In which I do battle with my sewing machine’s buttonhole foot, and win
This has been a good week for sewing projects. I finished a shirt each for me and Griff, and ended up with two actually wearable projects!
One of the problems I’ve found with sewing clothes is that unless you live in NYC and have access to real fabric stores, almost all the affordable “apparel” fabric available locally or online is, to be blunt, ass-ugly. On the other hand, there is a huge range of good-quality quilting fabric available just about everywhere for under $10/yard in a dizzying array of great novelty prints, florals, geometrics, kids’ prints, etc. The problem is that quilting cottons are on the heavy side and don’t drape well. Well-made, soft, drapey, shirting-weight fabrics (voiles, gauze, lawn, etc) aren’t cheap. Liberty of London Tana Lawn (*drool*) runs over $30/yard, and imported Japanese double gauze costs around $20. So I use quilting cottons and try to enjoy the fun prints while ignoring the fact that the stuff I make never quite drapes right, is heavier than it should be, etc.
This is all said to introduce the shirt I made myself from some old Kaffe Fassett quilting cotton that’s been marinating in my stash since before Sean and I moved in together, which is to say, a while. It’s the tank top variation of New Look 6871. I wish the fabric wasn’t quite so stiff, but I don’t think it’s bad enough to take this into maternity-wear territory (but if it looks that way to you, no, there’s nothing I need to tell you). I like the end result and I’ll be making more. I have an idea involving some cheap white cotton gauze and fabric paints percolating in my head.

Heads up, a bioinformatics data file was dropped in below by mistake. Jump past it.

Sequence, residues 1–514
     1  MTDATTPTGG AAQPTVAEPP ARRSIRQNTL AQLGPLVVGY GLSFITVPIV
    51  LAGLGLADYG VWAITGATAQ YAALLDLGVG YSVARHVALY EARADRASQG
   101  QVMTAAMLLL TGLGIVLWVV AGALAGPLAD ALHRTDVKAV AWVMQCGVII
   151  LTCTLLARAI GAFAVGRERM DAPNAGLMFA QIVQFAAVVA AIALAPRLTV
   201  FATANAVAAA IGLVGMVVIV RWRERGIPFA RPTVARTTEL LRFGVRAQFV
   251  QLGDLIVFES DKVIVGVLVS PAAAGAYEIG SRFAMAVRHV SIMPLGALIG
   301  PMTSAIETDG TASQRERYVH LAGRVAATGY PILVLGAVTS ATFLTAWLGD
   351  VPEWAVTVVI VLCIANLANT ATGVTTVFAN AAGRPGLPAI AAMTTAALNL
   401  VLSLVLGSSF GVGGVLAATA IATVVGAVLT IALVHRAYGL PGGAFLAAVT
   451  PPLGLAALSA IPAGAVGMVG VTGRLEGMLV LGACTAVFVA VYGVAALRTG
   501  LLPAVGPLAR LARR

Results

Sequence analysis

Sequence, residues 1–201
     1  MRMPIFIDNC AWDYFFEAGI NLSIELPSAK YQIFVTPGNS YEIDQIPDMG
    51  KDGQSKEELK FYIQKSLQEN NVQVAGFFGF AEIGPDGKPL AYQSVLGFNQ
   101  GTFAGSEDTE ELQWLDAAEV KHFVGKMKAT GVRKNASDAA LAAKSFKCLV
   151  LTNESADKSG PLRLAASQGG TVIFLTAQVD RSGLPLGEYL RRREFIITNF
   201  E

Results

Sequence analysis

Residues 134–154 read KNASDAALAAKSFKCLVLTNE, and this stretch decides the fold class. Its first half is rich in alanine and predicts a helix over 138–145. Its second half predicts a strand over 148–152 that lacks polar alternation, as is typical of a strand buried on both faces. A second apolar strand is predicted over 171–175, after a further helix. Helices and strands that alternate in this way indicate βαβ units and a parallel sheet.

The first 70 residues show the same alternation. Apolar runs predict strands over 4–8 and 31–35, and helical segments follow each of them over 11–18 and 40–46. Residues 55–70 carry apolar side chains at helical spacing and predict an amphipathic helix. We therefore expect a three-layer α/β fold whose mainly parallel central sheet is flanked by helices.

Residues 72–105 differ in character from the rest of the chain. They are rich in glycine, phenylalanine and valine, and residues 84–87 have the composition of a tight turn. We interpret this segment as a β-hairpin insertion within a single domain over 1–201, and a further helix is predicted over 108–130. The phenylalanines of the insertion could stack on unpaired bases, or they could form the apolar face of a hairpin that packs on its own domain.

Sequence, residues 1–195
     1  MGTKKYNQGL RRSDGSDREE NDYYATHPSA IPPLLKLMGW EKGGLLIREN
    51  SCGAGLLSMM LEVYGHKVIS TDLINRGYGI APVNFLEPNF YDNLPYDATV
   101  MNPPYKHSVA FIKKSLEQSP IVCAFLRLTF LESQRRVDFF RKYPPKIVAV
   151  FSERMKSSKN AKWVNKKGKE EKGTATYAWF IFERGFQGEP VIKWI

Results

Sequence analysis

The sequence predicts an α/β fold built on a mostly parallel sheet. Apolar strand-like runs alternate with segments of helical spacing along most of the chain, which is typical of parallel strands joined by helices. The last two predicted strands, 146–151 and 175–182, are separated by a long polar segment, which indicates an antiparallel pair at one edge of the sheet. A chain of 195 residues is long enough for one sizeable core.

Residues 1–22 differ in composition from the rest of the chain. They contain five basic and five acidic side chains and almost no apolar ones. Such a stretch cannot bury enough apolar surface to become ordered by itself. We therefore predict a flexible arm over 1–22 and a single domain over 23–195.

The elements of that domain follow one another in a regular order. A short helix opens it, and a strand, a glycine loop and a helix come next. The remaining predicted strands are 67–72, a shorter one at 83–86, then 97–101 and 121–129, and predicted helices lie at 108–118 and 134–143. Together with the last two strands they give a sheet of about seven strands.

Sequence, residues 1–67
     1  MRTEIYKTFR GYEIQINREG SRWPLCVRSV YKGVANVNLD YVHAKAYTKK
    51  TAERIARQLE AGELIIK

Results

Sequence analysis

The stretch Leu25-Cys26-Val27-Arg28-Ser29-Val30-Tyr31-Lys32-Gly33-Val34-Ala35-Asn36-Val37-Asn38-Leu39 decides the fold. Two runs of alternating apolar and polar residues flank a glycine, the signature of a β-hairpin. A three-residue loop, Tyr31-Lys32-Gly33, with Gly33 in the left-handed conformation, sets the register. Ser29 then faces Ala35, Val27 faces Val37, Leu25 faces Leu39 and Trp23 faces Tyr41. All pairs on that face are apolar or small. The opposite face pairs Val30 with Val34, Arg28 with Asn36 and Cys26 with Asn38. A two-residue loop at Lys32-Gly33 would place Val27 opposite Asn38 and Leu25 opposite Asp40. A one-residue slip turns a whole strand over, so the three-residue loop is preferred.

Here I am in some of my favorite catalog-model poses.
The Waving At The Plastic Bag Caught In the Tree Branches.
The Thinking About the Plastic Bag Caught In the Tree Branches.
And of course, The Superman. (Superman likes a Shiner Bock now and again, OK???)
Griff’s project was made from the Fishsticks Designs Everyday Camp Shirt Pattern (I used the Big Kid version of the pattern and made the smallest size, a 5). I found the pattern easy to use and the instructions clear and thorough. (Why can’t the big commercial companies’ patterns be this nice to use? Sigh.) The boys’ size 5 turned out to be a perfect fit for Griff, who has graduated from toddler sizes in shirts to a big kid XS-S and now takes a 4T pant. Griff picked out the rocket ship fabric at Joanns, and I picked a coordinating fat quarter for the pocket. My machine’s buttonhole feature isn’t the most intuitive, but I got it figured out and managed to get them all cut without ripping a gaping hole in the fabric. And the buttons all fit through the holes but don’t pop out randomly, so hooray for me.
He seems to like it, and it fits perfectly. I’m currently fighting the urge to buy every cute cotton novelty print I can find to make him a whole batch of these things.
Here’s what you get when you ask Griff to smile for photos these days. Erk.
Not much better:
It wasn’t all modeling clothes this weekend, though. Among other things, we got our pole bean teepee set up and laid down cardboard and mulch underneath. I still need to do more digging/amending around the base and add some wires or strings between the poles.
Griff got a Stomp Rocket for his birthday last month, and today he just totally clicked on figuring out how to tromp on the air bladder to get the rockets to launch. He had a great time shooting rockets across the yard this afternoon.
The spring garden is doing well (we had our first spinach and lettuce salad this weekend).
The tomato plants will be going in the ground next weekend unless it actually snows, because they are getting HUGE.